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Free Study Guide-Animal Farm by George Orwell-Free Online Booknotes
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Chapter 3

Summary

The third chapter begins with the efforts of the animals being rewarded at harvestime. Despite the unsuitability of the implements they use, they work hard and surmount every difficulty. Because of their superior knowledge, the pigs do not actually do the labor, but direct and supervise. Boxer works the hardest. He asks the cockerels to give him a 'wakeup-call' early each morning, and his answer to every problem is to work harder. The harvest turns out to be the largest that the farm has ever seen. There is no wastage and no stealing.

On Sundays, the animals do not work. After breakfast, which is an hour later than usual, there is the raising of the flag decorated by a hoof and horn and symbolizing the power of the animals. After the hoisting of the flag, the animals attend a meeting where they plan the work for the next week, debate, and resolve problems. They even vote on important issues, even though most of the animals do not understand what they are voting for. The two leaders, Napoleon and Snowball, do understand the issues and are very vocal in their debates; however, they never agree, foreshadowing their later struggle for power and control. The meeting always ends with the singing of 'Beasts of England.' In the afternoon, there is time for recreation.

The pigs have set aside the harness-room as their headquarters. Untiring Snowball keeps himself busy organizing various committees, such as the egg-production committee and the whiter wool movement; their purpose is to improve the farm and the animals' lives. Not surprisingly, Napoleon is disinterested in Snowball's committees and even tries to undermine them; but he agrees that education is important and supports Snowball's reading and writing classes. By autumn almost all the animals are literate to some extent. When the sheep, hens and ducks (the slower animals) are unable to learn the Seven Commandments, Snowball reduces them to a single maxim that states 'four legs good, two legs bad'. When the birds object, he states that wings should be regarded as legs. The birds quietly accept his explanation.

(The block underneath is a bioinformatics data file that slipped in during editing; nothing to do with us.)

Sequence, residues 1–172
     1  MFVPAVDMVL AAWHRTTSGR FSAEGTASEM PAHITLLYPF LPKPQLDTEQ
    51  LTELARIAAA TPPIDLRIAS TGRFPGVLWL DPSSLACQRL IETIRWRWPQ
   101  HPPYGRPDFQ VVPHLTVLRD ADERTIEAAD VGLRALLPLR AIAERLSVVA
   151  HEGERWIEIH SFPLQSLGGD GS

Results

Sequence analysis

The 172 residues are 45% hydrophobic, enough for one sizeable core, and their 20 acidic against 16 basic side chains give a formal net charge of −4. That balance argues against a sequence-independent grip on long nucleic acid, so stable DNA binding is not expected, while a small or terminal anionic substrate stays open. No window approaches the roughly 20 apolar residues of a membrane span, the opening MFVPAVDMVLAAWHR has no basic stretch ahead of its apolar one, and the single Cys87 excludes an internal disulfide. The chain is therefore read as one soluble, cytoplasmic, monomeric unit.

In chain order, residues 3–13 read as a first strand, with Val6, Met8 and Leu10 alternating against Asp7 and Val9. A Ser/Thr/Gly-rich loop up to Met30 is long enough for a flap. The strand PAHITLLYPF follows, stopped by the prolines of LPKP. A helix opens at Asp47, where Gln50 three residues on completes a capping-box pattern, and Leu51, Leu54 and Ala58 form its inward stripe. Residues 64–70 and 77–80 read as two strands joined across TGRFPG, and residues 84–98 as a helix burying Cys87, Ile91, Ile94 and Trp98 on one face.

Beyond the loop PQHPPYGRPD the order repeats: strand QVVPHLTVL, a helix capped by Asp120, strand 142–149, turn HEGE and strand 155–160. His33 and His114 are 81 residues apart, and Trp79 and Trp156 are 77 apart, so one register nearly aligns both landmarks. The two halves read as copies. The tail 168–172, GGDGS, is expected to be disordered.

The mystery of the 'disappeared milk' is solved, for it has been seized by the pigs and mixed into their mush. Squealer justifies the action by stating that milk and apples contain substances absolutely necessary for a pig's diet.

Notes

This Chapter shows the animals at harvest time, several months after the animals seized the farm in March. By working together, they are successful, and the harvest is plentiful and completed in less time than ever before. It also shows the animals' efforts at organizing themselves. The meetings and committees shown in this Chapter are reflective of the collective farms in the earlier stages of the Russian Revolution.


In a very human way, Snowball forms committees to improve the animals' lives, but Napoleon tries to undermine his efforts. Their power struggle has a semblance to the one between Trotsky and Stalin after the death of Lenin. The classes of reading and writing are more successful, and most of the animals become literate to some degree. They are also granted the privilege of voting, even though most of the animals do not understand what they are voting for. The pigs, aware of the ignorance of the other animals, begin to establish themselves as the ruling class and seize special privileges. They steal the milk and the apples for their own good and take over the harness house as their headquarters. Squealer tries to justify the actions of the pigs through propaganda. The over simplification of the Seven Commandments to 'Four legs good, two legs bad' betrays the tricks of the power-mongers who divert the attention of the gullible to achieve their own selfish ends. The sheep, who are slow by nature, particularly like the simplicity of the new slogan and repeat it often.

It is important to notice that this Chapter develops the rising action of the plot; but there is much foreshadowing of the later action in the novel. Orwell makes it clear that Napoleon is stronger than Snowball and will seek ultimate power on the farm. His rule will be tyrannical, and the animals will suffer under his control, much like they suffered under Jones.

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